Both operator/instructors tried the straight blade around their trenches.

“I like the fact that some of these smaller 9,000- and 10,000-pound machines, in some applications when you’ve got the blade in front of you, it’s nice to be able to actually use that and grab rock, or slag, or other material to force them into the smaller buckets,” Jeffries said.

“The way some of the boom angles are designed it makes it tough to get all the way back to the blade,” he said. “This one, I checked out a couple of different angles to see if it would be accessible to load something like rocks or slag into, and it makes it very comfortable to get all the way back to the blade to help you load a harder object into the bucket.

“Other models that I’ve run don’t offer the opportunity to actually get close enough to the blade without trying to kind of contort the way the boom and the dipper work together,” Jeffries said. “That’s a real nice feature of this one.”

Van Vuren homed in on the blade’s power.

“It felt really good, and it has the power,” he said. “When I got in that pile, it pushed that pile pretty good. I didn't hesitate one bit. Pushed it right in the hole. Some of the other equipment I've been running, when you're getting into a pile like that, it bogs them down, slows it way down. This one kept going.”

Next it was time to load the Local’s well-worn dump truck, which appeared to have an 8- or 9-foot clearance.

“The offset boom is a nice feature for loading trucks,” Van Vuren said. “In a small area or a tight area, you can tuck that boom all the way back and rotate around without hitting anything. You can load a truck pretty easily.”

Jeffries seemed to work the TB257FR extra hard on truck loading.

“[The 24-inch bucket] is the right-sized bucket for that machine,” he said. “You could start getting into some bigger buckets, a 42-inch ditching bucket, or a 36-inch bucket, which we have on some comparable machines here, but with that 2-foot bucket on that machine, you can put as much material in it as it will hold, and you can load right over the side.

“It’s good and stable,” Jeffries said. “You can reach out with the dipper if you’ve got a little bit taller truck and you have to get the dipper over the side. I went kind of high just to simulate what it would be like if I had a little taller truck with side rails on it.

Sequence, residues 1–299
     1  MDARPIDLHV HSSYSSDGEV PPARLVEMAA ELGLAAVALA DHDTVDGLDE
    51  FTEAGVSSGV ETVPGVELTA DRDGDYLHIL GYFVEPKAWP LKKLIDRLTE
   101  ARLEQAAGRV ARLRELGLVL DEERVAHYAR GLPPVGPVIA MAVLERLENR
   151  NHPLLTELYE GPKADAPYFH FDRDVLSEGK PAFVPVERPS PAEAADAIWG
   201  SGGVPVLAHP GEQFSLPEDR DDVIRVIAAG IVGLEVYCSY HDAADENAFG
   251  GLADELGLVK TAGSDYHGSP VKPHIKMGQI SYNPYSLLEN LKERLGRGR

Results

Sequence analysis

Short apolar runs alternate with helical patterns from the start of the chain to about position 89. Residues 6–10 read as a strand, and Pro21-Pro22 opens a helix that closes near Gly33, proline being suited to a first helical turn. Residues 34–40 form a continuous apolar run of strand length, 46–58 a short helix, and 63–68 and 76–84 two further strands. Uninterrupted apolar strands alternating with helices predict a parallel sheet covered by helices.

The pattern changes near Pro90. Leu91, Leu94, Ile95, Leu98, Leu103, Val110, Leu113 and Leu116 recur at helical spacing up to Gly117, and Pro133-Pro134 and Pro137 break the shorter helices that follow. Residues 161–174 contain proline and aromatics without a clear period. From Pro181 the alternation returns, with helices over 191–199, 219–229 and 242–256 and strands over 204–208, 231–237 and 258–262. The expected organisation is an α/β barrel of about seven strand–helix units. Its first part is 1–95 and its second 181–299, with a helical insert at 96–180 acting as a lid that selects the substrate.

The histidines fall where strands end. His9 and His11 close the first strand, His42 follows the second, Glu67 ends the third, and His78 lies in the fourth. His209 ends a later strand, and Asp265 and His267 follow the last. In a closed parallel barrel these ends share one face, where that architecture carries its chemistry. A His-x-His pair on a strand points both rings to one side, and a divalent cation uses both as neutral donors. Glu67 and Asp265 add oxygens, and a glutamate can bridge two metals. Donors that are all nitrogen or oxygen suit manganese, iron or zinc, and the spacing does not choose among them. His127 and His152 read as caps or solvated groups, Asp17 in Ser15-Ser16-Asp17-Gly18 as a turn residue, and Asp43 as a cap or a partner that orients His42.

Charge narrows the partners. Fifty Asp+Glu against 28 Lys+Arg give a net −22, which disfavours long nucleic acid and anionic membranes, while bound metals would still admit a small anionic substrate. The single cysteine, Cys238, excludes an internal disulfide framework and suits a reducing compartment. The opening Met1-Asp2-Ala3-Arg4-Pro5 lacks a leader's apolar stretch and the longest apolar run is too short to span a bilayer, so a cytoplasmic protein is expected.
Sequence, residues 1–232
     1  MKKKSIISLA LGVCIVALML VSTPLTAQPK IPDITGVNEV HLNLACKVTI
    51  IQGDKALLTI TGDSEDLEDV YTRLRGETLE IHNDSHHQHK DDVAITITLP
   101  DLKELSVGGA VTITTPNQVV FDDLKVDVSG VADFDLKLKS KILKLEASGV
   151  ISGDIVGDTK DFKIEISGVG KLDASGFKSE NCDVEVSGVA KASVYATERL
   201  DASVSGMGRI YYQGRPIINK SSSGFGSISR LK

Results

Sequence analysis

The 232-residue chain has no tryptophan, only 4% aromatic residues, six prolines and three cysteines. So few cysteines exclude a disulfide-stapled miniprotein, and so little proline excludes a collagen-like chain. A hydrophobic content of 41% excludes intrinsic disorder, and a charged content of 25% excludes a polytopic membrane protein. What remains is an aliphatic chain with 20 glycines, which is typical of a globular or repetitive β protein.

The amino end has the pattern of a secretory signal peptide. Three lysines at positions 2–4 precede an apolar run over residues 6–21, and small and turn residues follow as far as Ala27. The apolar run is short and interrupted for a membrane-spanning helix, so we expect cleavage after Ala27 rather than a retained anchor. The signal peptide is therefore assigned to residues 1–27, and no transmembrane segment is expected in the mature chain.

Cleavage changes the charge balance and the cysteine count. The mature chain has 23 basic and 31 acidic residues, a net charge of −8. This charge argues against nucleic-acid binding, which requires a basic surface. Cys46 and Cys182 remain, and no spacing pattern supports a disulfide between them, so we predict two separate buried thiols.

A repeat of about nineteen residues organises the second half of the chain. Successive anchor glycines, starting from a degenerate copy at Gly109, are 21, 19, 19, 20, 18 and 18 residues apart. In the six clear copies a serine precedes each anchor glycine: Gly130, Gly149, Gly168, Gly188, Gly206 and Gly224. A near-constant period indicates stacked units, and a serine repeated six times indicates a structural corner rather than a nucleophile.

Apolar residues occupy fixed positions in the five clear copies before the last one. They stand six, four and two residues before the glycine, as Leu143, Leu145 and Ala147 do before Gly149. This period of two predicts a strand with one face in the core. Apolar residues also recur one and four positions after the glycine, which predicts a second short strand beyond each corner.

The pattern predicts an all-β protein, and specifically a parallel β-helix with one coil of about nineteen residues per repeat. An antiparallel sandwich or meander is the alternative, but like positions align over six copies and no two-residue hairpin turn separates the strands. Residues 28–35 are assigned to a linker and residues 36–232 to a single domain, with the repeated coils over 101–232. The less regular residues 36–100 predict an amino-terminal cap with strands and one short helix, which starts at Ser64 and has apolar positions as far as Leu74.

“It didn’t seem to stress the machine at all,” Jeffries said. “Some of these machines, as you start to try and do multiple functions—you’re lifting the boom, you’re extending the dipper arm out, and you’re starting to dump the bucket all in one same motion—you start to see that you’re losing some power.”

Jeffries was impressed with the hydraulics overall.

“Maybe the boom isn’t coming up quite as fast as the dipper is, but I thought everything as far as the hydraulics and the pumps are tuned, everything seemed to work as it should,” he said. “As much pressure as you’re giving the levers is as much pressure is what you see in the reaction of the boom, the dipper, and the bucket all at the same time.”

The final test was lifting manhole components: a flat top that weighed 800 to 1,000 pounds, and a 36-inch cone/barrel section of 1,571 pounds.

The first piece was no problem, Van Vuren reported. The machine strained a bit working with the larger, heavier piece.

“She’s a little hesitant on extending that out,” he said. “Of course, you have the power to get it out there and bring it back, but it did better when it was closer to the machine. I didn’t feel any rocking, though, just that little drain on the hydraulics.”

The only criticism on the day was echoed by both operator instructors; although they liked the machine’s cab overall, they would like to see changes at their feet.

“I thought the cab comfort was pretty good, but I do think the think that maybe the foot pedals on it might be able to be adjusted a little bit,” Jeffries says. “It seems like you don’t have much space for your feet down there so when you have to flip, because they’re a hinged pedal, flip it down to go in reverse, maybe those could be loosened up a little bit. They seemed kind of tight to get them back down. Maybe they could be shortened up a little bit.”

Van Vuren agreed.

“The foot controls, they should have maybe adjusted those a little bit,” he said. “They’re extended out a little bit too far because you're cramped up down there.”

About the Author

Frank Raczon

Raczon’s writing career spans nearly 25 years, including magazine publishing and public relations work with some of the industry’s major equipment manufacturers. He has won numerous awards in his career, including nods from the Construction Writers Association, the Association of Equipment Manufacturers, and BtoB magazine. He is responsible for the magazine's Buying Files.